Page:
“Public Adoption – all the pros and cons to adopting through a public adoption agency.” (“Public Adoption – All Facts Revealed”) The complete process explained and the advantages.
Simply put, Public Adoption is when a public adoption agency or government arranges an adoption. Adoptions were arranged like this in the past. These days, most couples adopt using private adoption agencies, especially if they are looking for a child overseas. (“Public Adoption – Parents Club”) There are fewer choices available in public adoption, which usually focus primarily on the children’s safety and welfare.
The main priority is to find ideal parents for the child, rather than looking for the perfect child for the couple adopting. In public adoption, it is the agency who takes over the full process of choosing, and parents do not get much of a look in or given enough options. (“Public Adoption – Parents Club”)
In the public adoption process, prospective parents still need to meet the basic requirements during their screening, to be approved and deemed acceptable. This is regardless of where the public adoption is taking place. (“Public Adoption – Parents Club”)
An information session is set up for them to attend, so that all the relevant information which is important can be collated. (“Public Adoption – Parents Club”) This is required for the public domestic adoption process as the parents who are to adopt must pass the complete police clearance and medical reports on their health.
They will also need to attend the adoption classes to complete a full family and social history, as this is all vital information which is needed to build up a portfolio of the couple. (“Public Adoption – Parents Club”)
Personal references should also be provided, which gives a good character reference. An adoption practitioner is also assigned to the adopting parents so that a home study can be conducted. Once they have met all the requirements, a child can then be placed with them in their home. (“Public Adoption – Parents Club”)
There is, however, a probationary period in the public adoption, for the placement of the child. “Follow-up visits by the adoption practitioner are made for continual assessment during this period.” (“Public Adoption – Parents Club”)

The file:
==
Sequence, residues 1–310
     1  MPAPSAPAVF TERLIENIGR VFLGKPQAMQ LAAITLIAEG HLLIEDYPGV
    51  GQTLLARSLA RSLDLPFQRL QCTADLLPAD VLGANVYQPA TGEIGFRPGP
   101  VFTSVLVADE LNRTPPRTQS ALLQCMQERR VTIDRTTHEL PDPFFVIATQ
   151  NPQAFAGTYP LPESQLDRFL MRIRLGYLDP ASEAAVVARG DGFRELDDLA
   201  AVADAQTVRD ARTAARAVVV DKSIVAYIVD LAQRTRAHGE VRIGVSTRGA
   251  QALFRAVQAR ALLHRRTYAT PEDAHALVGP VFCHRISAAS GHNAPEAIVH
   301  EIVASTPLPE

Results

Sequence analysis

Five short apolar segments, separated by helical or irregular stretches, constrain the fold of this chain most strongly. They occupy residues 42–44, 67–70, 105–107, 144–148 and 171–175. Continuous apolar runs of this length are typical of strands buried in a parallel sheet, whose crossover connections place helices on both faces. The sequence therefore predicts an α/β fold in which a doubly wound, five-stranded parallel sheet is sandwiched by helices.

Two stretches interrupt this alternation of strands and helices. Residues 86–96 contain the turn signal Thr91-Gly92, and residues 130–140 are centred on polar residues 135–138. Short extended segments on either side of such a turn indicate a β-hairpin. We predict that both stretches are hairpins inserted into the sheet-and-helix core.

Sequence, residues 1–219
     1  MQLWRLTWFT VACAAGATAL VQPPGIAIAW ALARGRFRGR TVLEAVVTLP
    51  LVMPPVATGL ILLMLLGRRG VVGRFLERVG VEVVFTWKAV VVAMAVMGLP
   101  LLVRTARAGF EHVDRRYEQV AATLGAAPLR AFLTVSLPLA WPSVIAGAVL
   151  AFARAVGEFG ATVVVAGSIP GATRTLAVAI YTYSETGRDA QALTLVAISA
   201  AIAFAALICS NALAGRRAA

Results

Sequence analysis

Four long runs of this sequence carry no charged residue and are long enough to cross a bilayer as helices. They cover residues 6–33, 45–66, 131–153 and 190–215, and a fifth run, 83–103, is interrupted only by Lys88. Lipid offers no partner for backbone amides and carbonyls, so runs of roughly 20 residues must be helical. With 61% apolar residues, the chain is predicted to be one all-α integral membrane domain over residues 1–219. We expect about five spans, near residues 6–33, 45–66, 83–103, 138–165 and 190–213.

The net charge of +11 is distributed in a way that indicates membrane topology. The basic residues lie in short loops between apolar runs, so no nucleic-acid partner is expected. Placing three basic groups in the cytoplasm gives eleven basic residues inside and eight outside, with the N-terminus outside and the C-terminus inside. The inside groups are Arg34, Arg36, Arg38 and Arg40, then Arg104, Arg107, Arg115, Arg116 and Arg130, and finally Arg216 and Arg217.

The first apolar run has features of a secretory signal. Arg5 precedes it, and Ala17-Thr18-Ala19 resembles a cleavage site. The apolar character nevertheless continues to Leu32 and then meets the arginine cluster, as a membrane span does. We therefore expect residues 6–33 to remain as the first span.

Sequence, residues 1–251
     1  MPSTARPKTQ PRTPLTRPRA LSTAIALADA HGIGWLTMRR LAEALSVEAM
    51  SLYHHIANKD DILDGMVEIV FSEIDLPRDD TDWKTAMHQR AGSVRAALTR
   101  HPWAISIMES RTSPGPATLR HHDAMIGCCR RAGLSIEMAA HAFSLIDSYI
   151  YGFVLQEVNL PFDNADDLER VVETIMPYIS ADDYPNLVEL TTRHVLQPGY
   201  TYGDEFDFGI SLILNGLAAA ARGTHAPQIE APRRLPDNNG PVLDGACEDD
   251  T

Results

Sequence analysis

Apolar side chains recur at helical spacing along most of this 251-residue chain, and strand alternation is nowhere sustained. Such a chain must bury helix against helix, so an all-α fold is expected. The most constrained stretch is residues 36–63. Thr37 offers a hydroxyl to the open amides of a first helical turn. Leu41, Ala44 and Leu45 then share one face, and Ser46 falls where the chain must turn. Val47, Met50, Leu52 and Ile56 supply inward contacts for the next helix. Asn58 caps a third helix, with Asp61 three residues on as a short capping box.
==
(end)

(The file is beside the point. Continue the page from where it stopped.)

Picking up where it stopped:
Once the probation period is over, the parents must then submit a post-placement report to the relevant parents in charge of the adoption. “Once all the requirements have been met and everything is found to be in order, an adoption order is given to the adoptive parents.” (“Public Adoption – Parents Club”)
Usually, there is no charge for adopting through a public agency. The entire process for a public adoption can be quite a lengthy process which a couple must be prepared for. It also depends on what the adoptive parents are looking for for a child so if they are not too choosy, the time it takes to adopt can improve. (“Public Adoption – Parents Club”)
It can accept to a year and sometimes more to complete the home study along with the information sessions. All this depends on what the parents who are adopting are looking for in a child – if they are wanting a newborn child that is healthy, there is a minimum wait of about eight years. (“Public Adoption – Parents Club”) Newborns are exceedingly rare. There are many children with special needs so an immediate placement can usually be found.
“There are a lot of advantages to a public adoption, as usually there is no cost involved with a public agency.” (“Public Adoption – Parents Club”) Those who are eager to adopt, and willing to adopt a child with special needs, find that the time it takes for the complete process is noticeably short and more favorable.
“Another advantage in public adoption is that the mother is more likely to have given up their child with good reason and not look back on that decision.” (“Public Adoption – Parents Club”) Most of these children given up for public adoption are looked after by the state as they have been subject to abuse, neglect or even abandoned. Their parents may have been declared unfit and the child taken care of their own welfare and safety.
The disadvantages of public adoption are the restrictions that are imposed and the rules regarding child placement, the types of children that are available and the wait involved, and it depends on what the adoptive parents are looking for in a child. (“Public Adoption – Parents Club”) They usually have a picture of their ideal child.
See Tomorrow: “International Adoption”
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